By Rich Tenorio
When Nim Ravid, a junior at Harvard University, learned about the Oct. 7 Hamas terror attacks on Israel, the tragedy was personal for him. A veteran of the Israel Defense Forces who served as an officer in the spokesperson’s unit, Ravid lost seven friends and colleagues in the attacks, including at the Supernova Rave concert.
As Ravid was processing his grief, he learned that over 30 student organizations had signed a statement blaming Israel for the attacks.
“The environment on campus did not make it easier,” he said.
Although emotions were raw at school, Ravid decided to try to speak with classmates in some of the organizations and convey his viewpoint.
“I spoke with at least five [organizations] that decided to retract the statement,” he said, adding, “Since day one, I’ve been talking to a lot of students in smaller settings who don’t know that much about what is happening in Israel. A lot of non-Jewish peers don’t have an understanding of the conflict.” After speaking with them, he said, “they have much more understanding and empathy” in the wake of the “horrible terrorist attack.”
Ravid is part of an alliance of Jewish student leaders on campus who represent both the college and its graduate schools. Outreach to the wider student community is one of several ways he is trying to spread awareness and de-escalate tensions since the attacks. These range from helping to organize vigils; assisting with an Instagram account, “Survived to Tell,” which posts videos of individuals it identifies as hostages and survivors of the attacks; and serving as a member of a recently-formed university-wide task force on antisemitism.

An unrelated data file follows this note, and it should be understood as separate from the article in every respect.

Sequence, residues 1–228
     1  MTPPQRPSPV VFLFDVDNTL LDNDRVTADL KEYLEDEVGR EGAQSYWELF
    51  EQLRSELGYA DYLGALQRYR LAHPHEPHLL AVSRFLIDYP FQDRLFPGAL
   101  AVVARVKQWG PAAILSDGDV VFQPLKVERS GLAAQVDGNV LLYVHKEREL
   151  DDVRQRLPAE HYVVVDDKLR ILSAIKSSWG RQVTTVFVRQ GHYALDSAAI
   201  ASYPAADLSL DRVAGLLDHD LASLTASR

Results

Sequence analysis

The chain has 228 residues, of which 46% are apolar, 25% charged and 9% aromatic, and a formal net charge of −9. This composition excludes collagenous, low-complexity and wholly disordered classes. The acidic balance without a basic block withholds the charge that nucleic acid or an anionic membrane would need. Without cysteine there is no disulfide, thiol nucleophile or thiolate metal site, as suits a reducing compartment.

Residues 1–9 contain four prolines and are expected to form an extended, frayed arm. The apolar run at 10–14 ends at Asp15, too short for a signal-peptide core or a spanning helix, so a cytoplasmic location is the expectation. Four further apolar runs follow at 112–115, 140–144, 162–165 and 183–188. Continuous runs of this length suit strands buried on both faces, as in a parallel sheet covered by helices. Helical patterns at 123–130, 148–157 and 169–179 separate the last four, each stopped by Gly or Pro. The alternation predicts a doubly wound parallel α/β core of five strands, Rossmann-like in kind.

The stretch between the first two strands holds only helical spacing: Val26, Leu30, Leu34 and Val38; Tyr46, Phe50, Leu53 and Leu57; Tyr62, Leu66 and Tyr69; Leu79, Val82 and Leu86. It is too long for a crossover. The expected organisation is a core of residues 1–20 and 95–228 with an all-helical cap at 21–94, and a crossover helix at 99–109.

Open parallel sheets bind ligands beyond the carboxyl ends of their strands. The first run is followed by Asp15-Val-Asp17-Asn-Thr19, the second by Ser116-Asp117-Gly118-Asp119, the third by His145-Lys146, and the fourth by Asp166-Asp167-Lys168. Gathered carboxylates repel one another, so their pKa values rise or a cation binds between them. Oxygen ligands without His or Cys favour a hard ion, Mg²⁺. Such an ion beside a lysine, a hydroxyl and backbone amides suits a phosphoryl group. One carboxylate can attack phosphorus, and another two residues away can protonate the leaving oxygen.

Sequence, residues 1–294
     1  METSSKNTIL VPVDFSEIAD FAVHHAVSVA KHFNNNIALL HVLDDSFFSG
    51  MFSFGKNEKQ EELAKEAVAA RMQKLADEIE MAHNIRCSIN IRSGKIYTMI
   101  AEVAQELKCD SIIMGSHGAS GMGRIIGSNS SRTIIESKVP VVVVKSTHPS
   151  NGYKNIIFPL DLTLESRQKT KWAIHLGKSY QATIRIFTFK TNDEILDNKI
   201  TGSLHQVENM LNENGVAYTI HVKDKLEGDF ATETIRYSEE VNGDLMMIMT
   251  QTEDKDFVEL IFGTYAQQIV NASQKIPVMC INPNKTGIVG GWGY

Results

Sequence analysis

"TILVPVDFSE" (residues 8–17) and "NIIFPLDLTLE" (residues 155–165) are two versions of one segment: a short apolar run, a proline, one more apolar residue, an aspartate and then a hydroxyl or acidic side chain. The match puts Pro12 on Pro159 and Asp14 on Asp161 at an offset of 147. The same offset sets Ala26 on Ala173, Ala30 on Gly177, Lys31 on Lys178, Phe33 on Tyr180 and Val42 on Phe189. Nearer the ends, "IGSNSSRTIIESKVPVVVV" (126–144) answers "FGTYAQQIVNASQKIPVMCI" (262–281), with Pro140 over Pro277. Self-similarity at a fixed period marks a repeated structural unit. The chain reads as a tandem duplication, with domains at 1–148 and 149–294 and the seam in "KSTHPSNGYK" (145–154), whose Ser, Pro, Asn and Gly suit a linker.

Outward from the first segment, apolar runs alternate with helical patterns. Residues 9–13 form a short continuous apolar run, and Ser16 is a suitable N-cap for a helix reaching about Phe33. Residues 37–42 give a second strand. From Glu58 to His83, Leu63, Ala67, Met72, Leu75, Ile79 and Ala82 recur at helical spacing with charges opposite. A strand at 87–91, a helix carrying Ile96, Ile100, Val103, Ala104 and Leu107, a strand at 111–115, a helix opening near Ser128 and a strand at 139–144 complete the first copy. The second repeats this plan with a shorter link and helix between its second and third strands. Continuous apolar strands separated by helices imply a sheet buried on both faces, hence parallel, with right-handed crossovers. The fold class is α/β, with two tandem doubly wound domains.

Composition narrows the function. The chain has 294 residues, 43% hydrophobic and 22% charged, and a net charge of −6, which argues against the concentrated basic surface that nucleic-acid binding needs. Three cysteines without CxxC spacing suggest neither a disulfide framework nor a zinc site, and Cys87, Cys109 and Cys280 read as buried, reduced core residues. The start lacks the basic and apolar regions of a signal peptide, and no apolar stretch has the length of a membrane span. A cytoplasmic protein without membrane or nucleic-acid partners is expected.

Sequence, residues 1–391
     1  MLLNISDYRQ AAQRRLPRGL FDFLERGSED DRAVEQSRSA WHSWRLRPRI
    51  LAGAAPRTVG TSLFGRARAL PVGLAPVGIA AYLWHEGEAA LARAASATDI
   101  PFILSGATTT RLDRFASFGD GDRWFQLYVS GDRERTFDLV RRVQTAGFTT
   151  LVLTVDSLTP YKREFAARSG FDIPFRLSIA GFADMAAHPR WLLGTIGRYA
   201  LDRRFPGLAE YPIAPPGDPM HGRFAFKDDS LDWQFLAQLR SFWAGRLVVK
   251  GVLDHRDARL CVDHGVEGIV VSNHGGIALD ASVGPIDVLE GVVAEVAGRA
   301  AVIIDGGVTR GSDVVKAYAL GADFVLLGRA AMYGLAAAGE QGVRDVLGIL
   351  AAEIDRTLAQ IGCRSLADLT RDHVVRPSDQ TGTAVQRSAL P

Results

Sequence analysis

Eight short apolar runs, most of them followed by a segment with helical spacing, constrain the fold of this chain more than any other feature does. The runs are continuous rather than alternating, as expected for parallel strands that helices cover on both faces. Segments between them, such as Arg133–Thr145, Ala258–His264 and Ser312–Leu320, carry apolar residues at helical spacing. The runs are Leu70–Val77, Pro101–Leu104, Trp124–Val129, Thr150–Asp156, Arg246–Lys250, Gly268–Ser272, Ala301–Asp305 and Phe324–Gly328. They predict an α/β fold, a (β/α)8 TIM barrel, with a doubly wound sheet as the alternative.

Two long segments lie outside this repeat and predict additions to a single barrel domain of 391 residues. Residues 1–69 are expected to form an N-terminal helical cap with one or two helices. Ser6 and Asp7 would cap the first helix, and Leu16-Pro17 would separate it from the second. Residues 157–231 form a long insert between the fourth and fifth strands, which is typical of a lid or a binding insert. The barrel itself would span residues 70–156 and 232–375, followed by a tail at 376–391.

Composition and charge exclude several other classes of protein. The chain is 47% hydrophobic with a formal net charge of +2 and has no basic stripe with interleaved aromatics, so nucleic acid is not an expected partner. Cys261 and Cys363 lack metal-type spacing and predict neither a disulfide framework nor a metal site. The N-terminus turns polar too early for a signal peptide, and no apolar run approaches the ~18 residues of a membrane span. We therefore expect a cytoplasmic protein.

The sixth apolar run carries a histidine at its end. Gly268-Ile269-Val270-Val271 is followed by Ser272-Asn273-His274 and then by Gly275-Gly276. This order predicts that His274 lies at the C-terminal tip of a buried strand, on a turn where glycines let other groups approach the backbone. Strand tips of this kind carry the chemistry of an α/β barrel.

An inclusive approach
In these endeavors, Ravid seeks an inclusive approach.
For example, with Survived to Tell, “some of our non-Jewish friends all around the world edit videos,” he said. “You don’t necessarily have to be Jewish or Israeli to help out.”
The account received 10 million views in its first week. It has over 10,000 followers.
“So many amazing people want to help,” Ravid said. “We find ways that people can help. One thing is to support some of our initiatives,” including Survived to Tell, which gives “access to personal stories, from Israel all the way [to] here.”
Although he’s encouraged by endeavors such as the Instagram page and the vigils, he’s also concerned by what he describes as vitriol both online and in demonstrations on campus.
“Not everything is visible from above,” Ravid said. “A lot of things happen on social media, including Sidechat, where Harvard students can post in an anonymous app. There’s been some horrible, horrible antisemitism and hate speech going on in that app.”
And, he said, “certainly social media does not happen in a vacuum … It’s fairly difficult, very difficult for Jewish students, Israeli students in particular. It’s not a comfortable or safe time to be around a university campus.”
“The right thing is to de-escalate,” Ravid said. “It’s how we can live together.” He noted that “Jewish students have been impacted, and also Muslim students. I try to steadily encourage de-escalation [and] find spaces where we can hear each other.”
Rich Tenorio covers antisemitism news for JewishBoston.com. His work has appeared in international, national, regional and local media outlets. He is a graduate of Harvard College and the Columbia University Graduate School of Journalism. He is also a cartoonist. Email him at firstname.lastname@example.org.